Every dog owner has heard this before: grapes are poisonous to dogs. Under no circumstances should a dog be given grapes, it can even die from it. The warnings are something like this, but nobody knows why that should be the case. So – fairy tale, myth, or is it the truth?
Dog Ate Grapes – Can dogs eat grapes?
The answer is: “No!” Because a meal of grapes can be fatal for dogs. This is not the case with all dogs, but there is simply no reason to test this on your dog for better or for worse. It is also clear: grapes must never be left unattended in dog households.
Why are grapes poisonous to dogs?
No one has figured that out exactly yet. There have been repeated incidents in which dogs died after eating grapes, mostly from kidney failure.
In milder cases, dogs showed symptoms of intoxication such as vomiting and seizures but survived these with emergency veterinary treatment.
Again and again, however, some dogs digest grapes completely undamaged. What ultimately determines whether a dog reacts to grapes or not has yet been researched. There is evidence that it could be breed-specific. Genetic disposition can be assumed.
Caution is advised
For some dogs, the sweet grapes are simply irresistible. The risk that they will provide for themselves with it lurks less in their own home. It is more important to watch out for decorative fruit bowls or otherwise unsecured grapes when you are a guest elsewhere – especially if the host does not own a dog.
Caution is also advisable – wine grows in many gardens because of its decorative foliage, and if you are taking a vacation walk in a vineyard, it is better to keep your dog on a leash if you are not sure that he will not touch the grapes.
Symptoms of grape poisoning in dogs
Should you ever worry that your dog might have caught a few grapes, weakness, excessive salivation, cramps, diarrhea and vomiting can set in within 24 hours.
If he does not show any symptoms, after this period of time you can carefully assume that your dog is either one of those who can tolerate grapes or that there were not enough grapes to produce a toxic effect.
Veterinarians assume a toxic dose from around 10 grams of grapes per kilo of bodyweight of a dog. A bunch of grapes weighs around 5 grams on average. This means that the smaller a dog is, the more dangerous grapes are for it because even a comparatively small amount of grapes is enough to poison it.
But it also means that you don’t have to worry too much if your four-legged friend weighs forty pounds and was able to secretly nibble on five grapes.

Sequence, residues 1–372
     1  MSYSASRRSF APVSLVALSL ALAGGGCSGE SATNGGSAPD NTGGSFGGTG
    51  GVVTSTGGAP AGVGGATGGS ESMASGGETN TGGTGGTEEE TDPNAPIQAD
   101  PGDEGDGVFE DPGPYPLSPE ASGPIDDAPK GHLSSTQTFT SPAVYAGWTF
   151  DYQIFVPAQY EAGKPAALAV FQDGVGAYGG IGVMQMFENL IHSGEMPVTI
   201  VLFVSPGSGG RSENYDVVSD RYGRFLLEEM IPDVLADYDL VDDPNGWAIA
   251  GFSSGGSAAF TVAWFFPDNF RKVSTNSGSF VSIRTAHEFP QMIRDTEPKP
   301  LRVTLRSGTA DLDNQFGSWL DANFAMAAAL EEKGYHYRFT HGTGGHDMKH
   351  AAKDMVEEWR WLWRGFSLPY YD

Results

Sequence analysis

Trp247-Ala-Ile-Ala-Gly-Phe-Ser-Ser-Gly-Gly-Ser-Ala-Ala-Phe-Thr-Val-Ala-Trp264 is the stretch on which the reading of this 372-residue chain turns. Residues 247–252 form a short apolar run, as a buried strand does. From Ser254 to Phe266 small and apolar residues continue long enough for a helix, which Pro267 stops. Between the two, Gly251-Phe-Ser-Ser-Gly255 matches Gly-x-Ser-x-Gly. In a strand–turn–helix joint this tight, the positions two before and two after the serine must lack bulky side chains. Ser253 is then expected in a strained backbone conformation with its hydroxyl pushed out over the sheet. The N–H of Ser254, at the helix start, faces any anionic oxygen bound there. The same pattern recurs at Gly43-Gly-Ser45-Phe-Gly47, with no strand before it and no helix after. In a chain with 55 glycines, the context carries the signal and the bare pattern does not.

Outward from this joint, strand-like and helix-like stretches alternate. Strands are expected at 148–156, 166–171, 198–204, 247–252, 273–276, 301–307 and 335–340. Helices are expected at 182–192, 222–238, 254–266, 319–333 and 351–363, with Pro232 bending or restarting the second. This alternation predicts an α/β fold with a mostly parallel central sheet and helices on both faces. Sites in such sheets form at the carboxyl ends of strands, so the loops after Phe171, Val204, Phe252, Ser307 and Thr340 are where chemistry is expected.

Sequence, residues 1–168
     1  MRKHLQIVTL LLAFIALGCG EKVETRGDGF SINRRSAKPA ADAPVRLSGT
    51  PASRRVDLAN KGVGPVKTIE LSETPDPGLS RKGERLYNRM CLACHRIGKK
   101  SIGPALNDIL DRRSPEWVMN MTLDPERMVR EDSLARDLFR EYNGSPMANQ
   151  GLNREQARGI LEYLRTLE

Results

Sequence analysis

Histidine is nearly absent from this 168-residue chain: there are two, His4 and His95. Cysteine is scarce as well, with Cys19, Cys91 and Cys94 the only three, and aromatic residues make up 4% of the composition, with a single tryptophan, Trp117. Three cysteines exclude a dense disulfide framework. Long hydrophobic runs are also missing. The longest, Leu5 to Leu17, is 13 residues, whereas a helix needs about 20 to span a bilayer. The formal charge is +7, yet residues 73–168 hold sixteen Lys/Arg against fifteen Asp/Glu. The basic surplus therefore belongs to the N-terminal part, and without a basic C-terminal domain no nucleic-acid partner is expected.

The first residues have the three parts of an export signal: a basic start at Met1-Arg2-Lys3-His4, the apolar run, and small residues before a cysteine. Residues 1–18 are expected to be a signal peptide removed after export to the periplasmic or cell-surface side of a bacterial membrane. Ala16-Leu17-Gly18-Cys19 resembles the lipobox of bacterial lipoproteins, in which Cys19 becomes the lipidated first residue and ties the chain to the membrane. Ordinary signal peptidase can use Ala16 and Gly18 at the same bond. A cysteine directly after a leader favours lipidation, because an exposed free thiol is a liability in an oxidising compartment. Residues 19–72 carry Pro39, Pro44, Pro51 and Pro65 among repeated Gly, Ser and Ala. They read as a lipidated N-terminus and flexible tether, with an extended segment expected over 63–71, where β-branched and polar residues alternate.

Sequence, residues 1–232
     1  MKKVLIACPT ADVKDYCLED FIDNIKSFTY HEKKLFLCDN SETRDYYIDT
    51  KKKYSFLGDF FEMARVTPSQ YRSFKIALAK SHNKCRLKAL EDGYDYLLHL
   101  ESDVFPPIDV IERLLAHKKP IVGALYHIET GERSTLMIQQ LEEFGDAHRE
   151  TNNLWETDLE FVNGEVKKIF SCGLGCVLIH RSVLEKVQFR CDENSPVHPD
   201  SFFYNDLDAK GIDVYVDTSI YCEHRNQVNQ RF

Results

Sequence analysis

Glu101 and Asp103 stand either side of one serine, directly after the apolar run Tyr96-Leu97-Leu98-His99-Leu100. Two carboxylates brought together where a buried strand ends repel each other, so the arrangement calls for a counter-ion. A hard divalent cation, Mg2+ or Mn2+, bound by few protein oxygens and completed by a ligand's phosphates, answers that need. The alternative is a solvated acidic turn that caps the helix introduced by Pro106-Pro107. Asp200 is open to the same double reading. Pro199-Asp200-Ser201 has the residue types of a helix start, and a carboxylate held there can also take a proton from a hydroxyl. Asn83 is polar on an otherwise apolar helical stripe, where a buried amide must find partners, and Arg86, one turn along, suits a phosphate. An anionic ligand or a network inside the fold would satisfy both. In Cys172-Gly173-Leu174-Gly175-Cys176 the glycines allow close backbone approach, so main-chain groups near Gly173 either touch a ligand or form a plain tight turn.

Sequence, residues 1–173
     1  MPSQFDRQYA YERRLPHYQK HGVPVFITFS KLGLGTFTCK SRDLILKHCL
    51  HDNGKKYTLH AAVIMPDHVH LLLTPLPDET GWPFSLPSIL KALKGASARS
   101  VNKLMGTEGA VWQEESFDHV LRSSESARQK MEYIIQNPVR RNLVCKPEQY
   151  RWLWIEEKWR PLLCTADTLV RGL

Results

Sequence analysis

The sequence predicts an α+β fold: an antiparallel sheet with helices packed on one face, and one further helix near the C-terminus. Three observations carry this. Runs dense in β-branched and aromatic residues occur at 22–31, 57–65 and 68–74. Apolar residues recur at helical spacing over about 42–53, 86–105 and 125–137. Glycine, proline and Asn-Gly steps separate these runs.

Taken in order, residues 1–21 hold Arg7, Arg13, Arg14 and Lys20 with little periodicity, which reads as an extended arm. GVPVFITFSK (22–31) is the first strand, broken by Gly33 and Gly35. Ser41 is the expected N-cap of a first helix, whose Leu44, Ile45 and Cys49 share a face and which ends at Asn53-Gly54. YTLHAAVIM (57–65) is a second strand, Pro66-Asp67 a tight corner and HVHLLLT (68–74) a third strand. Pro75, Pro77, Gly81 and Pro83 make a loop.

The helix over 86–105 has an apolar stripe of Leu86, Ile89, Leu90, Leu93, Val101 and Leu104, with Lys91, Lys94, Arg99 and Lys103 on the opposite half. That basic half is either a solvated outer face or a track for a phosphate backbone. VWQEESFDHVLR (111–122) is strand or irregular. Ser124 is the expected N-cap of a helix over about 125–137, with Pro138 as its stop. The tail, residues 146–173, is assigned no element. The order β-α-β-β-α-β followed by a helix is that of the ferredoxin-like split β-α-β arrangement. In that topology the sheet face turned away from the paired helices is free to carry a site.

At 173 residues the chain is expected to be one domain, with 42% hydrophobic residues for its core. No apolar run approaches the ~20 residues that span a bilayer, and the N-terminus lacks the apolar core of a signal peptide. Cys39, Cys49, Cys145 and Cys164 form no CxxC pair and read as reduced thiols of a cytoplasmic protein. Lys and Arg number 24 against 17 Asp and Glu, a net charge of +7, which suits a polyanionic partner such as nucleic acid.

Particularly at risk: small dogs and dogs with kidney disease
As already described, small dogs are more susceptible than large ones. For a tiny person weighing 5 kilos, ten grapes are enough to cause poisoning.
In addition to small dogs, dogs with kidney dysfunction are also particularly at risk, because if grape poisoning is fatal, this is usually due to kidney failure. This can happen all the faster if the kidney function of a dog is impaired beforehand.
Dogs with kidney disease are therefore more careful than anyone else to keep them away from grapes.
Emergency measures if grape poisoning is suspected
If your dog has eaten grapes, you must take him to a veterinarian immediately. If you can do this, you can try making him vomit to increase his chance of survival.
However, that does not mean that the danger has been averted, especially not if the dog is already vomiting on its own.
If the dog fails to vomit, charcoal tablets from the medicine cabinet can help prevent the worst. It has been found that grapes stay in the stomach for an unusually long time. It is therefore possible to use charcoal tablets to bind part of the poisonous substance before it enters the organism through digestion.
Vomiting and charcoal tablets only serve to gain time to go to the vet. They are by no means a substitute for medical treatment in the event of grape poisoning.
Raisins are also tasty and dangerous
If your dog likes grapes, he will also like the dried grapes in the form of raisins. Since they are a concentrate of the grapes, the toxic dose is even higher.
Just 3 grams of raisins per kilo of body weight can be enough to cause poisoning. You should therefore pay attention to cookies and other biscuits with raisins, especially at Christmas time. This also applies to sultanas and currants.
Can grapes be found in dog food?
No, grapes do not appear in the commercial ready-made feed. It’s also inconceivable that grapes and dog food could be accidentally mixed in a normal production process, so you shouldn’t worry about that.
No to grapes – always and absolutely
Even if your four-legged friend may taste good grapes, there is no reason to take the risk of poisoning. Because there is simply nothing to gain.
It is also not advisable to give the dog individual grapes in a controlled manner. He would just learn that he could eat grapes. But it is better if he knows that grapes are always and everywhere forbidden.